PURPLE PROZE, ISSUE #2, 11/95
I'll start off this issue with a bit of family news: PZB is
the proud new owner of a baby albino kingsnake called Sredni
Vashtar. She says the first reader to correctly identify the
source of this name will win a prize.
WORMWOOD (the Dell paperback edition of SWAMP FOETUS), PZB's
first short story collection, will hit the stores in mid-December.
In September of this year, PZB was flown to the Netherlands
to take part in Crossing Border, an international arts festival
given annually in The Hague. She did book signings at stores
in The Hague and Rotterdam. At Crossing Border she read from
Chapter 1 of her new novel, EXQUISITE CORPSE, which is narrated
by serial killer Andrew Compton. She reports that the reading
received "a lot more laughs than readings of the same text
given in other places," which she attributes to "a
certain fatalistic darkness in the European sense of humor ...
a good example may be found in Nabokov's novel LOLITA."
Other festival guests included Robert Crumb, Henry Rollins,
Greil Marcus, David Leavitt, and Blixa Bargeld.
EC has already received a rave review from bestselling author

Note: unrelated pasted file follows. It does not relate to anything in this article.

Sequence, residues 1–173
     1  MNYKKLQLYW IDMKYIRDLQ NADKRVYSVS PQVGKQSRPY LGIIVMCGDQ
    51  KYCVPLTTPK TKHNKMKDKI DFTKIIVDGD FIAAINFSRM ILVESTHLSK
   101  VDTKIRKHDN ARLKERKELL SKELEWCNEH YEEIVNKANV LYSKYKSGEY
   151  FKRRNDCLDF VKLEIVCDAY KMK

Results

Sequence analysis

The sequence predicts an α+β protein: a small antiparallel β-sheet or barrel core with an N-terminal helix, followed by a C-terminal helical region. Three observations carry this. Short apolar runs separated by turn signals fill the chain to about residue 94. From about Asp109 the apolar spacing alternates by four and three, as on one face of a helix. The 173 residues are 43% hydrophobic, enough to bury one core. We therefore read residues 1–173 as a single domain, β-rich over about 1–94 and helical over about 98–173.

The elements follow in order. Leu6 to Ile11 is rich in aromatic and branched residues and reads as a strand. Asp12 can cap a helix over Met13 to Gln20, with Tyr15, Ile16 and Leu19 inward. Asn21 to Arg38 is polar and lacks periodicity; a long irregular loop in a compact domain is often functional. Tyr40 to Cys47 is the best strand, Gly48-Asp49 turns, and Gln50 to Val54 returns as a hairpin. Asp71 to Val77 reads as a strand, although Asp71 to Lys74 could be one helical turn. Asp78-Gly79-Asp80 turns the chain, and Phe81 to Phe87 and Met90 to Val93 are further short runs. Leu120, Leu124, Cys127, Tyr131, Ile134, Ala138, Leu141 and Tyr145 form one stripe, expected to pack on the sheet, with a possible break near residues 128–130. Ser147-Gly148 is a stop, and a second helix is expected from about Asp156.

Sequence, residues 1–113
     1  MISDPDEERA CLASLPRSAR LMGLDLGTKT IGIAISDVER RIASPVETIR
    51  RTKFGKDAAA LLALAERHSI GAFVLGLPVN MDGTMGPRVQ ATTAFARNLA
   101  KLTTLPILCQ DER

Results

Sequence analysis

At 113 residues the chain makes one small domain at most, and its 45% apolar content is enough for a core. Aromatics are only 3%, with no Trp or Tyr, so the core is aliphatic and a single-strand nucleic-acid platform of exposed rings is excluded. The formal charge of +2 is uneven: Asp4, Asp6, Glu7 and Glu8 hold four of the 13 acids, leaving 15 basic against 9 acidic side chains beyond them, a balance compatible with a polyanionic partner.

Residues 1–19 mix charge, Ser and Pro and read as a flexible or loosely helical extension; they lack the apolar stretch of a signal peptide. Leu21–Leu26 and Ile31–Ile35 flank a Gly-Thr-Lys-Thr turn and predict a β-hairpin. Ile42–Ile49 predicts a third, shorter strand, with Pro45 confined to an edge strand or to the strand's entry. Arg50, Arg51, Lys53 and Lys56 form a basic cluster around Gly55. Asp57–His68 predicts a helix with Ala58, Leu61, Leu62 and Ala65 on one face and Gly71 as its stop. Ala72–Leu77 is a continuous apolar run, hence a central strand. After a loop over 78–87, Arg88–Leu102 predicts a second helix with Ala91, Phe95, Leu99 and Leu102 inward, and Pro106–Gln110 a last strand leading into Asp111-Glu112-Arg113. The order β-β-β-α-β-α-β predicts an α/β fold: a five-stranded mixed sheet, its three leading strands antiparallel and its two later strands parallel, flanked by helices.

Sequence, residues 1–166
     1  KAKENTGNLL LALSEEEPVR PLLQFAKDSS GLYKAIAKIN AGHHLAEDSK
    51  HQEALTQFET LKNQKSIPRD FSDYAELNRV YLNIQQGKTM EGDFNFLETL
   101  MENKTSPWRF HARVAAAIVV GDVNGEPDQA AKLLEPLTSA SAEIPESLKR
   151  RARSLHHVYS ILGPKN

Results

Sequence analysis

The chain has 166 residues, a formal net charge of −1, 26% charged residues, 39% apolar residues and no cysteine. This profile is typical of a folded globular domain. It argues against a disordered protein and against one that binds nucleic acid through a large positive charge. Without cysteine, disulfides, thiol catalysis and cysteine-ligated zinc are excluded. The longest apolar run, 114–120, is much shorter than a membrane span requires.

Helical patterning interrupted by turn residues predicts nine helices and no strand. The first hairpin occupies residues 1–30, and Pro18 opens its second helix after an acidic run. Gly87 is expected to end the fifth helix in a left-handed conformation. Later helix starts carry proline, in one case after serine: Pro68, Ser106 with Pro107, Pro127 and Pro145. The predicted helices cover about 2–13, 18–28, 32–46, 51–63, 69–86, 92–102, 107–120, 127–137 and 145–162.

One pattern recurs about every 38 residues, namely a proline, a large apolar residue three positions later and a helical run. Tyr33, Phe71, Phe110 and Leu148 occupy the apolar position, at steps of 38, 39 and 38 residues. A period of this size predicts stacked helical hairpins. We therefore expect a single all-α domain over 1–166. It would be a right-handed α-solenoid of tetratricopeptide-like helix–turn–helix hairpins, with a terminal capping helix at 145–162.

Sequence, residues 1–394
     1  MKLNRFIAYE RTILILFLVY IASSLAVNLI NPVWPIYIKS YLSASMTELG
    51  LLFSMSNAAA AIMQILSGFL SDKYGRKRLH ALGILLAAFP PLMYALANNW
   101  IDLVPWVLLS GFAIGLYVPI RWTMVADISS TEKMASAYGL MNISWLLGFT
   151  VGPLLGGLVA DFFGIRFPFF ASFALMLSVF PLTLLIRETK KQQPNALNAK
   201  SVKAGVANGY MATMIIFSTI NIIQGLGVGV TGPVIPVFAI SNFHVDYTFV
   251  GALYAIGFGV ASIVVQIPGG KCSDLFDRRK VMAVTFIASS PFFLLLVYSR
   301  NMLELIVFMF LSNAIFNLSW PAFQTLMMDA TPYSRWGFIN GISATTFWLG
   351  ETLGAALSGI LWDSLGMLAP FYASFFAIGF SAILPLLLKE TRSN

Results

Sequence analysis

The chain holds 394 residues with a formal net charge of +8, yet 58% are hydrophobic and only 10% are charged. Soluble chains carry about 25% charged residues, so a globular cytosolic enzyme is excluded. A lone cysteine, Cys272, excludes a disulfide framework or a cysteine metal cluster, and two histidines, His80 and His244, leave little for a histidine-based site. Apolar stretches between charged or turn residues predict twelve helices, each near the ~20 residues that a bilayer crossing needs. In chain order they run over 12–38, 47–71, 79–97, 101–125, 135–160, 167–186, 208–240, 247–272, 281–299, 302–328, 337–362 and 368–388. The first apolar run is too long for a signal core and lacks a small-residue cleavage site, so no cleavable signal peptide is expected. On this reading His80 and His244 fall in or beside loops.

Peter Straub. Asked by Simon & Schuster to provide a publicity
quote, Straub wrote, "As perfectly named as its author,
EXQUISITE CORPSE treats the dead human body like a communion
wafer. It is Poppy Z. Brite's distinction to have understood
immediately that real horror (unlike the make-believe variety
which lumbers brainlessly through so mny books) has an intimate
connection to the most profound emotions, those evoked by an
experience of the sacred. She is the only writer I know who
could write a guidebook to Hell that would make me want to go
EC is now scheduled for August 1996, which means it should
hit the stores in mid-July. British rights have been sold to
Orion following a bidding war with Hoddard & Stoughton.
PZB has turned in the manuscript of the followup volume to
LOVE IN VEIN. Contributors this time around are Neil Gaiman,
Caítlin R. Kiernan, Christopher Fowler, O'Neil DeNoux,
Lucy Taylor, Th. Metzger, David Niall Wilson, Roberta Lannes,
Janet Berliner & George Guthridge, Jean-Daniel Brèque,
Brian Hodge, Pat Califia, Nicholas Royle, Richard Laymon, Randy
Fox, David J. Schow, Stephen Mark Rainey, and Thomas S. Roche.
HarperCollins will publish the anthology in January 1997.
French rights to LOVE IN VEIN have been purchased by Albin
Michel, who published LOST SOULS (Âmes Perdues) and DRAWING
BLOOD (Sang D'Encre).
"The Poor Miller's Apprentice and the Cat," a collaboration
between PZB and David Ferguson, will appear in HAPPILY EVER
AFTER: Erotic Fairy Tales for Gay Men. Edited by Michael Thomas